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When medical malpractice isn't an option: pursuing physician discipline

Medical malpractice litigation is an indispensable avenue of recovery for those who are harmed by a negligent physician. One thing that needs to be kept in mind, though, is that not every instance where a patient is harmed in the course of medical care will translate into a viable medical malpractice case.

First of all, a patient needs to have a meritorious case, meaning that he or she can present enough evidence that a physician breached an established standard of care and that this caused harm to the patient. Causation is not always easy to prove in medical malpractice cases, and putting together solid evidence requires time, effort, and zealous advocacy. 

In addition, successful medical malpractice litigation will always include a strong case for damages. Even when a case has strong merits, filing a lawsuit for medical malpractice should not be a given until a cost benefit analysis is done with respect to the potential damages award. Cases where the damages award is not likely to be significant may not be worth the time and effort necessary to bring the case to court.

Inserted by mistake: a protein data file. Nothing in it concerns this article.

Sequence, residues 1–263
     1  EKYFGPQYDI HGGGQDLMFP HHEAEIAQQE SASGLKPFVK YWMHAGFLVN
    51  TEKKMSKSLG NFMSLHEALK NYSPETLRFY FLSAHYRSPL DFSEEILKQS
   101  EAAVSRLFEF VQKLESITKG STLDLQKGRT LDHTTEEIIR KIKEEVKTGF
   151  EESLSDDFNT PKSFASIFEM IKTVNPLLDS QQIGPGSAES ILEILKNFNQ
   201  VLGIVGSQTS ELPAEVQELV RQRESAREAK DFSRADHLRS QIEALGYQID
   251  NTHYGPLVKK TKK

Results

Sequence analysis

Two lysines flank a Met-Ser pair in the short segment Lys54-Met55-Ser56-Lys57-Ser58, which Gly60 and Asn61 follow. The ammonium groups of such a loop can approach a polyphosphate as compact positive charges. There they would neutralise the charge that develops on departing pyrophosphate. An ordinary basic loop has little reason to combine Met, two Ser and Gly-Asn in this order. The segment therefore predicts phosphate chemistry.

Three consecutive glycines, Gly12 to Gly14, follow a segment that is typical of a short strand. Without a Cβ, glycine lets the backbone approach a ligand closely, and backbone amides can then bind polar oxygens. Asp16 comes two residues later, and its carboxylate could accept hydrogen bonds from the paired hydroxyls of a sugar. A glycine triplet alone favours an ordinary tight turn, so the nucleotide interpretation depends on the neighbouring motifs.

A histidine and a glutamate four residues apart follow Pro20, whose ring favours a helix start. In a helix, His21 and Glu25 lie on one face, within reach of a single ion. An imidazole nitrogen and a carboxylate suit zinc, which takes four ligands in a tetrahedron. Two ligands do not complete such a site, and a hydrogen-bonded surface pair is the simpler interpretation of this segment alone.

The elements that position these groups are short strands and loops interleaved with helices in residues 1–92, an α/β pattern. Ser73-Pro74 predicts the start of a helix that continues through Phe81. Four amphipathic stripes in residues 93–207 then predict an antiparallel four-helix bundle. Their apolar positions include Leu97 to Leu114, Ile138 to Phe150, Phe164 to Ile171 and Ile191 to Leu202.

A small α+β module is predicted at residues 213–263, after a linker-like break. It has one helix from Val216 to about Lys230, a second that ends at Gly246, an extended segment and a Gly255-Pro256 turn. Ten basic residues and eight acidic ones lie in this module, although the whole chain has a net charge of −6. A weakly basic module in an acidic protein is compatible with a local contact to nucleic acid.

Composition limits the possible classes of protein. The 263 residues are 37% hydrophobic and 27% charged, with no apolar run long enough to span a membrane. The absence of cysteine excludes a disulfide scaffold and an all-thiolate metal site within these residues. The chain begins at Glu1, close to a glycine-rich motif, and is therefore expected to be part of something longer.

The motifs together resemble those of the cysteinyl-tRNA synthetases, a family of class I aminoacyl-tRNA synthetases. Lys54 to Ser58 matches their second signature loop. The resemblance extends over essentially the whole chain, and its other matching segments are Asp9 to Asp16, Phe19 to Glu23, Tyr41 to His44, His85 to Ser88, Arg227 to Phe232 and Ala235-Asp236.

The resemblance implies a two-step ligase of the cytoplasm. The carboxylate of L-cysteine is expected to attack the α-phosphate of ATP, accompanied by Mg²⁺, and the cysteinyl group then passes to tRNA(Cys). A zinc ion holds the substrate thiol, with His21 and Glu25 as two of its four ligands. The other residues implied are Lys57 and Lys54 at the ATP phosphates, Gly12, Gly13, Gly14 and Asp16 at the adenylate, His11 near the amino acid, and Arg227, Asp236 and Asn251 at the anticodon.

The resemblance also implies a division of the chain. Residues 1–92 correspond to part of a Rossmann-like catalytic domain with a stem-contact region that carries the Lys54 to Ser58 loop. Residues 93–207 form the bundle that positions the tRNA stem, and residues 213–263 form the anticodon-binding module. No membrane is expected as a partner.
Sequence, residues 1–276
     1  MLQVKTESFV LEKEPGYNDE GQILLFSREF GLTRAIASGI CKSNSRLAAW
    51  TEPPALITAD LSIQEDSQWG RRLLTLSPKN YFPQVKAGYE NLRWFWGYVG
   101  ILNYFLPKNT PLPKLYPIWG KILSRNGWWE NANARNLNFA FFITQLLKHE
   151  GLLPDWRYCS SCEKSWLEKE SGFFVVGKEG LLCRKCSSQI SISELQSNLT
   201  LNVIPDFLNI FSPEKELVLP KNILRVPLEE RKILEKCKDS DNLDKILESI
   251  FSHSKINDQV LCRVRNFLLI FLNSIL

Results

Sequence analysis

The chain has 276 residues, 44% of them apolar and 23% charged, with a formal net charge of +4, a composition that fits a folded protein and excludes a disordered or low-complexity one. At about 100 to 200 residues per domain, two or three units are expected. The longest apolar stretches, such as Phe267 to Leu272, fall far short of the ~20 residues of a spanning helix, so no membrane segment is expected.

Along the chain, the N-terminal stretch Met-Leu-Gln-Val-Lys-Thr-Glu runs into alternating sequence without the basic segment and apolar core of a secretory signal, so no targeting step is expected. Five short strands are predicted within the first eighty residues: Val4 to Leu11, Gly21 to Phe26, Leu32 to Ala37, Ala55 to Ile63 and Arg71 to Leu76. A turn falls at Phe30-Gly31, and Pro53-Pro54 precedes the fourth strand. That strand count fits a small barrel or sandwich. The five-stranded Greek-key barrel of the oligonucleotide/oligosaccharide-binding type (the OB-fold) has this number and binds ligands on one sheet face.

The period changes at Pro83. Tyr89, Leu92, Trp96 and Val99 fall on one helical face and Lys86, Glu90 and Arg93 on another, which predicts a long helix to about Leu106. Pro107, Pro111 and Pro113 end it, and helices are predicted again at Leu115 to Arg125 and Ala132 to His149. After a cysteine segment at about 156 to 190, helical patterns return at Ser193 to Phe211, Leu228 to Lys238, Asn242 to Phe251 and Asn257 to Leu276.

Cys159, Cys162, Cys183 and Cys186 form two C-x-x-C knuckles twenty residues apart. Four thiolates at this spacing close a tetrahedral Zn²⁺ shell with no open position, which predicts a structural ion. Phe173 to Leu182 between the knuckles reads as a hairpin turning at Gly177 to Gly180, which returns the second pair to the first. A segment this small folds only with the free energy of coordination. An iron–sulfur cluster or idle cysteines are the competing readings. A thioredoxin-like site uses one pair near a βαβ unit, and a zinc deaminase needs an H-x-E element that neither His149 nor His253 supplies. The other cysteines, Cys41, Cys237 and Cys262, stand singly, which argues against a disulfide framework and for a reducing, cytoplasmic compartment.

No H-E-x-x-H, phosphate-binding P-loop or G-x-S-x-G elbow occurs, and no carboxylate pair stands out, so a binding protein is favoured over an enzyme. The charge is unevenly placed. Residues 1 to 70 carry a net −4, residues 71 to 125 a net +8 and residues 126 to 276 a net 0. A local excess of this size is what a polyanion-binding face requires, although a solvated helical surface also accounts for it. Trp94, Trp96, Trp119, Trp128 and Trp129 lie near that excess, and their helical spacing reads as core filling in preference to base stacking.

None of this, to be sure, is to discourage readers who have been harmed by a negligent physician from considering medical malpractice litigation, but only to say that all the pieces need to fall into place before a case can be considered truly viable and worth pursuing.

In cases where an otherwise meritorious claim is determined to be not worth pursuing, it is still worth exploring other potential avenues of recovery or justice. One important avenue is physician discipline, which we'll speak a bit about in our next post. 

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